One failed political candidate from New Mexico allegedly issued payments to a group of men to go out and shoot up the personal residences of other legislators in the wake of his 2022 election bid loss, as explained by area police.
After running for the state House under the Republican banner and failing, Solomon Peña was taken into custody this past Monday with alleged connections to a large string of shootings that officials with the Albuquerque Police Department claimed was directly targeting the personal residences of a number of Democratic legislators, as reported by the Albuquerque Journal. The list of victims included a pair of county commissioners and another pair of state legislators, all under the Democratic party. No one has been injured in these attacks.
“Peña, an unsuccessful legislative candidate in the 2022 election, is accused of conspiring with, and paying four other men to shoot at the homes of 2 county commissioners and 2 state legislators,” explained Harold Medina, the area chief of police.
Police officials stated that a total of five people were reportedly involved in the long string of attacks, at least two of which were allegedly carried out by others and one of which was allegedly carried out by Peña themself. Police were able to make use of cell phone records in their attempts to prove his alleged involvement.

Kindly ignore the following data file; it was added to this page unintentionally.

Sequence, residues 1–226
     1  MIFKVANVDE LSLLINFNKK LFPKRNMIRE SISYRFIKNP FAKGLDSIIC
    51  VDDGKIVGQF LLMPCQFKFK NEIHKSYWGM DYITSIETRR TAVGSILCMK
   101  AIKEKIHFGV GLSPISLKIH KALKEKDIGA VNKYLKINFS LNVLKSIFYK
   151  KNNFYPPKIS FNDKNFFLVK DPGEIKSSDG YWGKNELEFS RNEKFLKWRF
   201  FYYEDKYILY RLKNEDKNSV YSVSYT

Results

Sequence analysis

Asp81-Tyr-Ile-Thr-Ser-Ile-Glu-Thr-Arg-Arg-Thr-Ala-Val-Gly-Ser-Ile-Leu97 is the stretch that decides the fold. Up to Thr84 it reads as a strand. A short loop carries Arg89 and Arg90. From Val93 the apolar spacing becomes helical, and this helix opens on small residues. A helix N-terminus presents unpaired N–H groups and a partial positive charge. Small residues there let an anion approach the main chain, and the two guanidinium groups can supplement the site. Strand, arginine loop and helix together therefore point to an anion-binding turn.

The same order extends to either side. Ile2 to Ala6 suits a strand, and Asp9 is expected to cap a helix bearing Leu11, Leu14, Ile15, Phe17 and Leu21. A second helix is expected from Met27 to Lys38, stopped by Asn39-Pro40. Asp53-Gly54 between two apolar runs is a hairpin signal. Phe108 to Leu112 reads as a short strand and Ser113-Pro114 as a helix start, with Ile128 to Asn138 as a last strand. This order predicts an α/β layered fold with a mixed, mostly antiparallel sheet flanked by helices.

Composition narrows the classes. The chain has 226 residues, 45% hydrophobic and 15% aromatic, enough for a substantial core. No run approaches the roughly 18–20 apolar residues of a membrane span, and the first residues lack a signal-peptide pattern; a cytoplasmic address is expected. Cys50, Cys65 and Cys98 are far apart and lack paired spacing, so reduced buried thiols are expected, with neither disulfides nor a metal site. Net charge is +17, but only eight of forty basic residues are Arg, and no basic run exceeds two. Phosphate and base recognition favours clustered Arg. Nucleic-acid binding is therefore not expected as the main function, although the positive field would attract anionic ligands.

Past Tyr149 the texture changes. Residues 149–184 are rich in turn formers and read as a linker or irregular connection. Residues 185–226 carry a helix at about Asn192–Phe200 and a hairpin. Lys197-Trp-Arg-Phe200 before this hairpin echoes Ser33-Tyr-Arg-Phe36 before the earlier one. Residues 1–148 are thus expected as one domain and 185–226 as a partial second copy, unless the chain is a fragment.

Peña has since been fairly silent on the political front in the wake of his failed bid to secure the 14th district, which has historically been under Democrat control prior to the recent redrawing of the districts. The most recent tweet from his official campaign account was sent out back on the 15th of November. It stated that he was going to be “researching my options.”
As expressed in the Albuquerque Journal, Peña has previously had a number of run-ins with the law, having been sentenced to a stint of close to seven years in prison on charges of theft that started back in 2008. His conviction was the primary subject of heavy scrutiny throughout his previous campaign, and his political opponent, Rep. Miguel P. Garcia, attempted while ultimately failing to have him fully disqualified over it. Garcia wound up winning the election for the district by a total of 3,600 votes.
Peña was quick to dispute the results of his election, as explained by the Associated Press, and confronted some state and county legislators due to the results. The conversations did not end up going anywhere at all, and the shootings quickly kicked off in the weeks following the failure of Peña’s disputes.